The episode where I propose a theory that connects BPD to one of the more widely held Impulsive Habits: Eating Disorders…. And you may have guessed it, it comes down to Rejection Sensitivity. A specific type called Appearance-based Rejection Sensitivity, in fact. The past week I’ve been talking about Rejection Sensitivity and how people with Borderline Personality Disorder have the big markers to make them more prone to being Highly Rejection Sensitive.
By RICK NAUERT PHD Senior News Editor
Reviewed by John M. Grohol, Psy.D. on January 26, 2007
A series of new studies provide evidence that individuals who have a heightened sensitivity that they will be rejected by others because of their physical appearance, can be at risk. Three studies suggest the sensitivity, if not mitigated, can have serious implications for the individuals’ mental and physical health.
“Appearance-based Rejection Sensitivity: Implications for Mental and Physical Health, Affect, and Motivation” by Lora Park, Ph.D., is currently in press for publication in Personality and Social Psychology Bulletin.
According to the author, appearance-based rejection sensitivity is a personality-processing system characterized by anxious concerns and expectations about being rejected based on one’s physical attractiveness.
When motivation for looking attractive is rooted in anxieties about being rejected by others, the consequences can be deleterious to health and well-being. The research also suggests that there may be ways to mitigate these negative effects, by having people think of their strengths or their close relationships with others.
In the first study, Park developed and validated an appearance-based rejection sensitivity scale (ARS scale) with 242 college students, to measure the extent to which people anxiously expected rejection from others based on their physical attractiveness.
She found that those who scored high in appearance-based rejection sensitivity were likely to have low self-esteem, high levels of neuroticism, insecure attachment styles, to base their self-worth on their appearance and to rate themselves as physically unattractive.
[Sound fairly Borderline-ish to you?]
The study also showed that people who are highly sensitive to appearance-based rejection reported increased symptoms of disordered eating.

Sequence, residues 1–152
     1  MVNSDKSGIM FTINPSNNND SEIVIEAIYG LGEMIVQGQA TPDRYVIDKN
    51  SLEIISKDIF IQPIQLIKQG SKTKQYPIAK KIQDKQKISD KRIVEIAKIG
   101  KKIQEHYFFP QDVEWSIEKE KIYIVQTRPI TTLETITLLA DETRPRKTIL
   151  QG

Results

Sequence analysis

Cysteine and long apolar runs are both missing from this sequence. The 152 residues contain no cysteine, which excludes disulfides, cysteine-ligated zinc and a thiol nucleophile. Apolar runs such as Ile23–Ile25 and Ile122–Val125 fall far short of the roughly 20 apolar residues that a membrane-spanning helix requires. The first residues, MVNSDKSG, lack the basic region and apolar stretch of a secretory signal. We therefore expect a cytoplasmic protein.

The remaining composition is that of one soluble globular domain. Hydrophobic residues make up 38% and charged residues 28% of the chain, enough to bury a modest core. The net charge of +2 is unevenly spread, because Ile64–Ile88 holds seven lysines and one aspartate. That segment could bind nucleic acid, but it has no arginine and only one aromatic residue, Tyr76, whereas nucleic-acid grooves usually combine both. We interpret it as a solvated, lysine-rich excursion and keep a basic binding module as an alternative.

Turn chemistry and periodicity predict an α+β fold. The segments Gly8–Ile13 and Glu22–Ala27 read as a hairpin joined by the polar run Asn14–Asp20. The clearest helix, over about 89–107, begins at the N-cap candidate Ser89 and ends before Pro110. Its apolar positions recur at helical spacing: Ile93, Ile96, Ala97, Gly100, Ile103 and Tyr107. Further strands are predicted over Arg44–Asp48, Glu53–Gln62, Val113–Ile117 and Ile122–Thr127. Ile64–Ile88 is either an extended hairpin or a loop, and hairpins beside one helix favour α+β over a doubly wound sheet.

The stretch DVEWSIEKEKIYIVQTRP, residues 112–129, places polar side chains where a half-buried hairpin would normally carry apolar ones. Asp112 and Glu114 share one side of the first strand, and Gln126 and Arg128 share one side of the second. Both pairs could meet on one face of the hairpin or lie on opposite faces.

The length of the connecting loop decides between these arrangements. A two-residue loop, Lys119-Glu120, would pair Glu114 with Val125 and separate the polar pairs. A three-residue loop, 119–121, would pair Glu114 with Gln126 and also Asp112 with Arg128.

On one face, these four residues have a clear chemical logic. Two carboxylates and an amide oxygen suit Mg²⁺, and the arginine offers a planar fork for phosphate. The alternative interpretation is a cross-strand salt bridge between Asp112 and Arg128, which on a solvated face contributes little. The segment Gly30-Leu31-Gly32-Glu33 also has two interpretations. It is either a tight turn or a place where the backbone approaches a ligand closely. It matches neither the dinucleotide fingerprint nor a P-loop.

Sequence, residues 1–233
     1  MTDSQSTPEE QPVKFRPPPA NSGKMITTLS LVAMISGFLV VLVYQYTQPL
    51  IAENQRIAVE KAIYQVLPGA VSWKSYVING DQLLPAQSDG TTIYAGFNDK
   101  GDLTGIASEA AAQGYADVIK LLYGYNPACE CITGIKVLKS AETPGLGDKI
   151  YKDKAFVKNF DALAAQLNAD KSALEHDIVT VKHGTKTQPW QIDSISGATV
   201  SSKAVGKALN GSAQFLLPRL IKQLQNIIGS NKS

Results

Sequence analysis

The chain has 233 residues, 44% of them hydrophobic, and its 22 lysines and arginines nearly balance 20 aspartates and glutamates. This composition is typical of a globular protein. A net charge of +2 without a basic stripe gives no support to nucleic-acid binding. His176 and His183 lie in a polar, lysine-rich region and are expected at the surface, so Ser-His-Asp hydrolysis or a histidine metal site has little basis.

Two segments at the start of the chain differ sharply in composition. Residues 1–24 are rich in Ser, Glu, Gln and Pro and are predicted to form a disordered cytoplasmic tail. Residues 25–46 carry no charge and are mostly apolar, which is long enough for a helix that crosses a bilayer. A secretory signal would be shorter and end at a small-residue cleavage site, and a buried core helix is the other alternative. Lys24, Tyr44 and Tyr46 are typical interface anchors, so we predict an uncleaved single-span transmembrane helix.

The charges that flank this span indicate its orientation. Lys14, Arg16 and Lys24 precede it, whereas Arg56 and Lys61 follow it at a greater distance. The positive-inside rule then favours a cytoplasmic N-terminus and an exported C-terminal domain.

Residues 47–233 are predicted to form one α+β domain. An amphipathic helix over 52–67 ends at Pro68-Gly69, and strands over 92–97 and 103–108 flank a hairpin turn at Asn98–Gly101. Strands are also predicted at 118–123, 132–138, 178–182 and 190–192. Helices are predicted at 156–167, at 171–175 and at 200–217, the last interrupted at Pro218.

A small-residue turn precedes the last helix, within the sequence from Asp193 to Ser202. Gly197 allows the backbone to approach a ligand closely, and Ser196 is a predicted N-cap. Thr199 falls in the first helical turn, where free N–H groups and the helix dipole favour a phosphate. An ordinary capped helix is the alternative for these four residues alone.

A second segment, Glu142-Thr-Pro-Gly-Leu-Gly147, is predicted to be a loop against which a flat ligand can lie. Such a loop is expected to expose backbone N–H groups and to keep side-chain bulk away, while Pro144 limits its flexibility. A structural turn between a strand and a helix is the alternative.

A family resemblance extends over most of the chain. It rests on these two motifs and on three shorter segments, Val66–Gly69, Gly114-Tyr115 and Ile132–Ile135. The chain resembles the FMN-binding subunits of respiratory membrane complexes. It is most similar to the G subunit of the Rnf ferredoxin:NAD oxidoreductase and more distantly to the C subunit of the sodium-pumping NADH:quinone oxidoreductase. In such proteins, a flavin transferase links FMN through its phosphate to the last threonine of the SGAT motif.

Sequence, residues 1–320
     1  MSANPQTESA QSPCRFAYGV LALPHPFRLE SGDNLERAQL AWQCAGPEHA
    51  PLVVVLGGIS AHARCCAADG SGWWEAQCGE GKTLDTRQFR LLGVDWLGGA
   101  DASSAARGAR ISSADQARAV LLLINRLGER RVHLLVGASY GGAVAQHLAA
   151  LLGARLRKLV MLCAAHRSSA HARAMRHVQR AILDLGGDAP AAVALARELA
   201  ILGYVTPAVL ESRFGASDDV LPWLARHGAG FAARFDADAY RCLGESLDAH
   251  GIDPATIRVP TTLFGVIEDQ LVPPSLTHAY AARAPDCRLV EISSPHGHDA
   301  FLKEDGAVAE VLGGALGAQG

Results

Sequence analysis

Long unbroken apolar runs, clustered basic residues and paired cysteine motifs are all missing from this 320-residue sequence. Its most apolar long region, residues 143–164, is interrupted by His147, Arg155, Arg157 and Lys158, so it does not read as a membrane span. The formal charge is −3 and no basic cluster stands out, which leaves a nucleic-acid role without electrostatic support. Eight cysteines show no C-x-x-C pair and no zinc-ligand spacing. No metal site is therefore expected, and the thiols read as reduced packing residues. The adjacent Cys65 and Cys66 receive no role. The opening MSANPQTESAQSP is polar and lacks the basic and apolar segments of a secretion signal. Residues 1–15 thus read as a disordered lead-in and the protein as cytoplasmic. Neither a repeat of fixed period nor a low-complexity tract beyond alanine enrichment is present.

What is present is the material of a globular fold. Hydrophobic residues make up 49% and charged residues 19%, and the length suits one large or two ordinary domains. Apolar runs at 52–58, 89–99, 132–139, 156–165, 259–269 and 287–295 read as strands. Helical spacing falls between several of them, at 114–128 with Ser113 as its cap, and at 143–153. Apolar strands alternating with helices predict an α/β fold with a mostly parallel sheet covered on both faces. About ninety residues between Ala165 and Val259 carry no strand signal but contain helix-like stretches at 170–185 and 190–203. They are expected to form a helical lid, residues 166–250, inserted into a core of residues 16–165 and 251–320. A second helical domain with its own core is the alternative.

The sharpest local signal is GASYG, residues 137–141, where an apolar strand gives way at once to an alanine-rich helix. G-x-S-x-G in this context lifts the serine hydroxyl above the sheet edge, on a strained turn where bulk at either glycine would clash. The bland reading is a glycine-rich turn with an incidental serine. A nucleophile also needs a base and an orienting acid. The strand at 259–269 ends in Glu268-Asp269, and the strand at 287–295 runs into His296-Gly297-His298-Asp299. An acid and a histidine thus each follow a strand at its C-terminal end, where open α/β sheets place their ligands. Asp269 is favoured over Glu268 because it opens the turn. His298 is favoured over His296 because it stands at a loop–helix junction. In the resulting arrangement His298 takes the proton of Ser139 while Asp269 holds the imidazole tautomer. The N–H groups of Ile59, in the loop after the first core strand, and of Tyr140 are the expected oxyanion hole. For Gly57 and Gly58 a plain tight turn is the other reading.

[Intro the Eating Disorders]
“Both men and women who reported being sensitive to appearance-based rejection were preoccupied with their body and weight in unhealthy ways. They avoided eating when they were hungry, exercised compulsively and engaged in binging and purging,” says Park.
People with high appearance-based rejection sensitivity also were more likely than people low in appearance-based rejection sensitivity to compare their physical attractiveness with others and to feel bad about themselves when making such comparisons. These results were found regardless of the subjects’ levels of self-esteem, attachment style, general sensitivity to rejection, neuroticism, self-rated level of attractiveness and the degree to which they based self-worth on appearance.
Interestingly, Park found that both appearance-based rejection sensitivity and basing self-worth on appearance independently predicted eating disorder symptoms and the tendency to make appearance-based comparisons.
“These findings suggest different pathways through which people may develop and maintain behaviors such as excessive dieting, compulsive exercising, binging and purging, and comparing one’s attractiveness with others” Park says.
“Some people engage in such behaviors because they are ultimately worried about being rejected by others if they don’t measure up to looking a certain way,” says Park.
“For others,” she says, “the underlying motivation for such behaviors may be less about interpersonal anxieties and more about maintaining and enhancing personal self-esteem.”
In the second study, Park found that people with high levels of appearance-based rejection sensitivity reported feeling more alone and rejected when asked to list negative aspects of their appearance than when asked to think of a neutral topic (listing objects they saw in a room). On the other hand, subjects with low levels of appearance-based rejection sensitivity were not negatively affected when listing aspects of their appearance with which they were dissatisfied.